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Check out these accounts for more awesome historic images!:
@historical_paparazzi
@ww2_daily_photography
@82nd_rum_runner
@fuehrer_of_photography
@war_history_enthusiast
@war_colourised
@ww2_anything_history_
@ww2_worldwarhistory
@w.w.2_history
@modern_military_history

DECEMBER 5th - 9th, 1952 - THE "GREAT SMOG" OF LONDON, ENGLAND: (2/2) Authorities advised parents to keep their children home from school in fear they would get lost in the smog. Burglaries and purse snatchings increased as emboldened criminals easily vanished into the cloaking darkness. Birds lost in the fog crashed into buildings. Eleven prize heifers brought to Earls Court for the famed Smithfield Show choked to death, and breeders fashioned improvised gas masks for their cattle by soaking grain sacks in whiskey. Weekend soccer games were cancelled, although Oxford and Cambridge carried on with their annual cross-country competition at Wimbledon Common with the help of track marshals who continually shouted, “This way, this way, Oxford and Cambridge” as runners materialized out of the thick haze. The smog seeped inside as well. A greasy grime covered exposed surfaces, and movie theaters even closed as the yellow haze made it impossible for ticket-holders to see the screen.

Unfortunately, the Great Smog was much more than a nuisance. It was lethal, particularly for the elderly, babies and those with respiratory and cardiovascular problems. Outside of the coughing and the wheezing, death came silently to London. It wasn’t until undertakers began to run out of coffins and florists out of bouquets that the deadly impact of the Great Smog was realized. Deaths from bronchitis and pneumonia increased more than sevenfold. The death rate in the East End increased nine fold. Initial reports estimated that upwards of 4,000 died prematurely in the immediate aftermath of the smog, which finally lifted on December 9, 1952, after a cold wind from the west swept the toxic cloud away from London and out to the North Sea. The detrimental effects lingered, however, and death rates remained above normal into the summer, which have caused some experts to estimate the Great Smog claimed as many as 12,000 lives (history.com).#history #historiansunion #dailyhistory #haphazardhistory #london #britishhistory #unitedkingdom #greatbritain #smog #londonbus #pollution

DECEMBER 5th - 9th, 1952 - THE "GREAT SMOG" OF LONDON, ENGLAND: (1/2) Ever wonder where the word "smog" came from? Read below! Clear skies dawned over London on December 5, 1952. An unusual cold snap had gripped the British capital for weeks, and as Londoners awoke, coal fireplaces worked overtime to take the chill from the air. As the day progressed, a light veil of fog began to enshroud Big Ben, St. Paul’s Cathedral and the rest of the city. By the afternoon, though, the fog began to turn a sickly shade of yellow as it mixed with the thousands of tons of soot being pumped into the skies of London by its forest of chimneys and industrial smokestacks. Smog was nothing new in London, but this particular “pea souper” quickly thickened into a poisonous brew unlike anything the city had ever experienced. A high-pressure system parked over London caused a temperature inversion—with the air 1,000 feet above the surface warmer than that at ground level—that prevented the smoke from the record amount of coal being burned into the skies from rising. And with nary a breeze to be found, there was no wind to disperse the soot-laden soup... (history.com, historytoday.com). 2014/01)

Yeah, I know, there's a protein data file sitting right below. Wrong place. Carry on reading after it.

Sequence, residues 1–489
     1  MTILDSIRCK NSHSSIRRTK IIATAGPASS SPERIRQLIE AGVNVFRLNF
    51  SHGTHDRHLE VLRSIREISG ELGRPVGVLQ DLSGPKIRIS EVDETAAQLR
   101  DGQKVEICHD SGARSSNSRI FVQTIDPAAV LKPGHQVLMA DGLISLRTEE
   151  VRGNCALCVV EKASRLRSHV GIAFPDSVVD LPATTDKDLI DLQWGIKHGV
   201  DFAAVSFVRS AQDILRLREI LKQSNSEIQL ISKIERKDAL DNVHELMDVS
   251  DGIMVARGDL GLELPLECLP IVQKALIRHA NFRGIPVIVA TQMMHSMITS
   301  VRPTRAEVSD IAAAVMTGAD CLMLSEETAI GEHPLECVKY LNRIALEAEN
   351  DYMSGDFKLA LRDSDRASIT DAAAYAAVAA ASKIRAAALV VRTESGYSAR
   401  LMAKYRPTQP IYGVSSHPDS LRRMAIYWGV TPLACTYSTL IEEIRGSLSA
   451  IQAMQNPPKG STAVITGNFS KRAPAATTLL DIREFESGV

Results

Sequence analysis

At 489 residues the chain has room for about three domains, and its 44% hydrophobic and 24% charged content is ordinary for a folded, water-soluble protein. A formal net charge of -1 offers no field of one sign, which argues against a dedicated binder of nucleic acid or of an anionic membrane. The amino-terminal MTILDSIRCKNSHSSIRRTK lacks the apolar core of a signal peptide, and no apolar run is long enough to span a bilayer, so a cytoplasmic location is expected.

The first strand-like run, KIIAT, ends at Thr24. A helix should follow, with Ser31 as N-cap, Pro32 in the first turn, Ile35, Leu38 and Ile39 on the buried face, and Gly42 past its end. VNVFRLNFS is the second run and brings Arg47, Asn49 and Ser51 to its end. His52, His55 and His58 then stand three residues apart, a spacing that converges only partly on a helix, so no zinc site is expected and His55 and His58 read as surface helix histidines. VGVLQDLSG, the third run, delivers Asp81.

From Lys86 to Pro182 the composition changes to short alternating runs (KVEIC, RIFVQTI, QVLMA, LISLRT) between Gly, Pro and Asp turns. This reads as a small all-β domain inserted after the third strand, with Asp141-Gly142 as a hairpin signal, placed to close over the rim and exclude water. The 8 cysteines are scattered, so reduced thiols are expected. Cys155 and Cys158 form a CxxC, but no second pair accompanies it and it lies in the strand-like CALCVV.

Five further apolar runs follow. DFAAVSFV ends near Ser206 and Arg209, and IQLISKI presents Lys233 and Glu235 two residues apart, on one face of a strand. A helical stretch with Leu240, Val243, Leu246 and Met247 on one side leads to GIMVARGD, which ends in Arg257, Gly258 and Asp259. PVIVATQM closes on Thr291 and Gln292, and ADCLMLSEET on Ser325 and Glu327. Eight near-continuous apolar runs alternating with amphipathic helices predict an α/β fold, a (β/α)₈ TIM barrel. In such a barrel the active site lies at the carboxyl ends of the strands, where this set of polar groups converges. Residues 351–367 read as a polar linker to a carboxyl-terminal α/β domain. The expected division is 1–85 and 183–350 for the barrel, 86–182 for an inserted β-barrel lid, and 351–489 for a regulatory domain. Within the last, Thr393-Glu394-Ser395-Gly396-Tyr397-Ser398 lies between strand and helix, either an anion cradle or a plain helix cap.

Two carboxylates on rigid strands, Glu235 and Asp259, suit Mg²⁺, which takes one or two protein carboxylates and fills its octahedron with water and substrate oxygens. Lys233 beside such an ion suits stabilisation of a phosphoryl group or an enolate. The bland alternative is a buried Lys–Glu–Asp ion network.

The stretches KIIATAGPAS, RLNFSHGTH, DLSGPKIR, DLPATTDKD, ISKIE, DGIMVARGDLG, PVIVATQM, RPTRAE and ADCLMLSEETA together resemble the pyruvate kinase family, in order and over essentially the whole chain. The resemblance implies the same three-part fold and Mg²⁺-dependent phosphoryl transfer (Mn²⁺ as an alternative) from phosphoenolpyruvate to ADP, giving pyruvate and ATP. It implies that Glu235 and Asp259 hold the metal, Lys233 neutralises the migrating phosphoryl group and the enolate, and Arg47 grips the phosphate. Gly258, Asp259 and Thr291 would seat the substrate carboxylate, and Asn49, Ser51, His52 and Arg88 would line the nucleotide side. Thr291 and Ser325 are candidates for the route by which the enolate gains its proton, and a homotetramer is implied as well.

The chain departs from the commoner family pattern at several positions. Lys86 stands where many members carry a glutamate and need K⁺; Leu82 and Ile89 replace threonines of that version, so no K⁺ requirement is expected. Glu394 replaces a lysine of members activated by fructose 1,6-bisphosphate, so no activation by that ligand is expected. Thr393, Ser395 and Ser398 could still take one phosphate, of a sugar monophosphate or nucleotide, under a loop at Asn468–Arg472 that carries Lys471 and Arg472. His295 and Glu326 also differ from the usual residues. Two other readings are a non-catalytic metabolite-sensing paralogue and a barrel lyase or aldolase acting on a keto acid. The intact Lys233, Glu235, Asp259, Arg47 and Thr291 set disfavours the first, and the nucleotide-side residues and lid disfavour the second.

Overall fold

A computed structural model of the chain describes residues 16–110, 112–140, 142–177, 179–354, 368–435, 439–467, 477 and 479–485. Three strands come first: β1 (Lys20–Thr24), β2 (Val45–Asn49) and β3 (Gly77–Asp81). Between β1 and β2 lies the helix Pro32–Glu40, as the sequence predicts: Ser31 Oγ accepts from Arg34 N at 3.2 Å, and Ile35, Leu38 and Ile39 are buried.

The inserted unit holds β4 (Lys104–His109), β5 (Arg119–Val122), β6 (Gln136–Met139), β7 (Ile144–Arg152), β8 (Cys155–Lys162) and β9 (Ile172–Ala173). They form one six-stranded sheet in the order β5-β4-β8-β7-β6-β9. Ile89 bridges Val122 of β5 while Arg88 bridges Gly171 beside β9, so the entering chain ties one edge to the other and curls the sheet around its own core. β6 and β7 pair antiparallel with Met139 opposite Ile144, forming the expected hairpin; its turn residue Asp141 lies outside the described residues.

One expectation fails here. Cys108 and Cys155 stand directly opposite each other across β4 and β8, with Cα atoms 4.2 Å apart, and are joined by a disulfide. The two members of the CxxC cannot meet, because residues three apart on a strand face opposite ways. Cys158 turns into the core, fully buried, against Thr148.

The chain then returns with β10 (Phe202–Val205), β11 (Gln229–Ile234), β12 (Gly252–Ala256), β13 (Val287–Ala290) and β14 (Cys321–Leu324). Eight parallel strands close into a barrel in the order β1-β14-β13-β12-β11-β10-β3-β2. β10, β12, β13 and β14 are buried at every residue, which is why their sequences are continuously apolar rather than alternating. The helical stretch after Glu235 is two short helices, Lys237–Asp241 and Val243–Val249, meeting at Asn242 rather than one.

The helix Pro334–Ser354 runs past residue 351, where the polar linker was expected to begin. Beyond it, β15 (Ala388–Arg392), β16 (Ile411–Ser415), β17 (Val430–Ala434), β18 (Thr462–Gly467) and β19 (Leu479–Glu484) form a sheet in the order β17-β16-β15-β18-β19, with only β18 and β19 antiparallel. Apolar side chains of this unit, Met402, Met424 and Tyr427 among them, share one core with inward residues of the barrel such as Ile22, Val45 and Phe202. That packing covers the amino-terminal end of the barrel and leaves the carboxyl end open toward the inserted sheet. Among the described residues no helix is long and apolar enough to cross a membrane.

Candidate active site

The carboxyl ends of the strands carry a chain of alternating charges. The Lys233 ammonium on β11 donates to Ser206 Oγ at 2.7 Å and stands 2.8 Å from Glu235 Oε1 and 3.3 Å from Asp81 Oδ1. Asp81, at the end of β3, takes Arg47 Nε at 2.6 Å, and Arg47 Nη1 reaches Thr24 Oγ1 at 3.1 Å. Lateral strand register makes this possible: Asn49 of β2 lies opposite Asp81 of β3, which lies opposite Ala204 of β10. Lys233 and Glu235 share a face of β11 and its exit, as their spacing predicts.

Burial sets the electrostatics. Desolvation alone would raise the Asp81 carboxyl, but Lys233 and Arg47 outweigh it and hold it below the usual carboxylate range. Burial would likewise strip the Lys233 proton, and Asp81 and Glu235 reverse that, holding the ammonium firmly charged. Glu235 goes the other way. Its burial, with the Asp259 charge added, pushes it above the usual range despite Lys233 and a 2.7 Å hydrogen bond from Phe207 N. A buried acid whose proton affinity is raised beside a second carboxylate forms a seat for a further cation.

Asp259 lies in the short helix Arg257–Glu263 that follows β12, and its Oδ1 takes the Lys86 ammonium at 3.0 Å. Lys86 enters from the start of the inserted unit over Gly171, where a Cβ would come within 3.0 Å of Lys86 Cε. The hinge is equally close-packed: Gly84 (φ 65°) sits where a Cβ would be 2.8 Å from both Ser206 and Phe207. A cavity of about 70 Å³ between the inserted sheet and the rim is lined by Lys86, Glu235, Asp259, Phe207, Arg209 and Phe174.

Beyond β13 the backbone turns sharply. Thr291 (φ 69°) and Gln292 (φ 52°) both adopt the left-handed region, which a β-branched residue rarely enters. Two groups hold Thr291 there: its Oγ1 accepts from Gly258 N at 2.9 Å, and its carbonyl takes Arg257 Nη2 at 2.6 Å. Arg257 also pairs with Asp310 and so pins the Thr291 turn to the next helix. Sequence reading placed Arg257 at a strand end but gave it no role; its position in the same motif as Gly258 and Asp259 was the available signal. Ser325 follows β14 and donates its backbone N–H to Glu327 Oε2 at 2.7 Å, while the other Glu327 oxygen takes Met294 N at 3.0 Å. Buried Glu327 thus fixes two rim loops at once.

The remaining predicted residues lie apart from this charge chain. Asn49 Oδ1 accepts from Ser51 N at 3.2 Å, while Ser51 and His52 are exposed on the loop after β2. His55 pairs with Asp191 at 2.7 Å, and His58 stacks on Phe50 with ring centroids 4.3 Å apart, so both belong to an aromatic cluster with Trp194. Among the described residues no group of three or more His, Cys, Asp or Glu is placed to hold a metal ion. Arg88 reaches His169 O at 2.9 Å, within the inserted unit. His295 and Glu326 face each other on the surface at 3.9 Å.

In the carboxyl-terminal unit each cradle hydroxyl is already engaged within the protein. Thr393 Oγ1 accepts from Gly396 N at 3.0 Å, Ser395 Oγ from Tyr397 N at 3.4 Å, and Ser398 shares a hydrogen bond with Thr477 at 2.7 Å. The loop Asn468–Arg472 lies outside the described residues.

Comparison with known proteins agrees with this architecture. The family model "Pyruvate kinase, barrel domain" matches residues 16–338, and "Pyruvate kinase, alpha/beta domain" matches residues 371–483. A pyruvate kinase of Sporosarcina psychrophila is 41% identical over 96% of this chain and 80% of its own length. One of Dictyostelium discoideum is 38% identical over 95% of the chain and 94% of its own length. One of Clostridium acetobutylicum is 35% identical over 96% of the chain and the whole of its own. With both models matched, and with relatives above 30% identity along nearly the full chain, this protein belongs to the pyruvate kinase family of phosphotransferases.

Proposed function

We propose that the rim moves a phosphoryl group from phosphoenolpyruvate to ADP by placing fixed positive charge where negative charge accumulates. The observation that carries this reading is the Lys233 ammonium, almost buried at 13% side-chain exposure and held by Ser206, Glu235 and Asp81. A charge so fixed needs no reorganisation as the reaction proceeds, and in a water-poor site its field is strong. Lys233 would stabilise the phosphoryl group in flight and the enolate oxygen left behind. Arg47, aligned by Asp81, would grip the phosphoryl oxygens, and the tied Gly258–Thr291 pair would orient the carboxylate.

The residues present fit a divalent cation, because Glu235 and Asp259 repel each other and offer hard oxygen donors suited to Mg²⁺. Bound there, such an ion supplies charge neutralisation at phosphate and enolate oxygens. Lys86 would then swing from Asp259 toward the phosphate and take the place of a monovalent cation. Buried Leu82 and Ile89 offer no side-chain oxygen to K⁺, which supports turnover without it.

#history #historiansunion #dailyhistory #haphazardhistory #london #britishhistory #unitedkingdom #greatbritain #smog #londonbus #pollution
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Check out some of these accounts for more awesome historic images!:
@historical_paparazzi
@ww2_daily_photography
@82nd_rum_runner
@fuehrer_of_photography
@war_history_enthusiast
@war_colourised
@ww2_anything_history_
@ww2_worldwarhistory
@w.w.2_history
@modern_military_history

SEPTEMBER, 1940 - DUXFORD, ENGLAND: Squadron Leader Douglas Bader, with the pilots of No. 242 Squadron, in front of his Hawker Hurricane at RAF Duxford.
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Ever wonder why RAF pilots had different colored flight suits at the beginning of the war? As seen in the above picture, pilots wore white, khaki, black, and blue flight suits. The summer of 1940 was particularly hot, leaving many pilots to fly in just their blue service uniforms rather than the traditional colder weather flying suits. However, before the war, some pilots were issued specially colored coveralls like those in the picture above, or they wore them when racing cars and flying in civilian life to prevent oil and grease from getting on their clothes. For that reason, the coveralls that these pilots wore were nicknamed "Prestige Suits," as they showed that a pilot wasn't simply a "wartime pilot," and that they had served in the skies before the war. This is certainly a rather interesting and unnoticed fact regarding chivalry in the air at the beginning of the war! (Credits: iwm.org.uk, Journal of Aeronautical History Paper No. 2014/01)
#history #historiansunion #dailyhistory #raf #royalairforce #worldwar2 #wwii #ww2 #haphazardhistory #aviation #military #militaryaviation #airforce #hurricane
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Check out some of these accounts for more awesome historic images!:
@historical_paparazzi
@ww2_daily_photography
@82nd_rum_runner
@fuehrer_of_photography
@war_history_enthusiast
@war_colourised
@ww2_anything_history_
@ww2_worldwarhistory
@w.w.2_history
@modern_military_history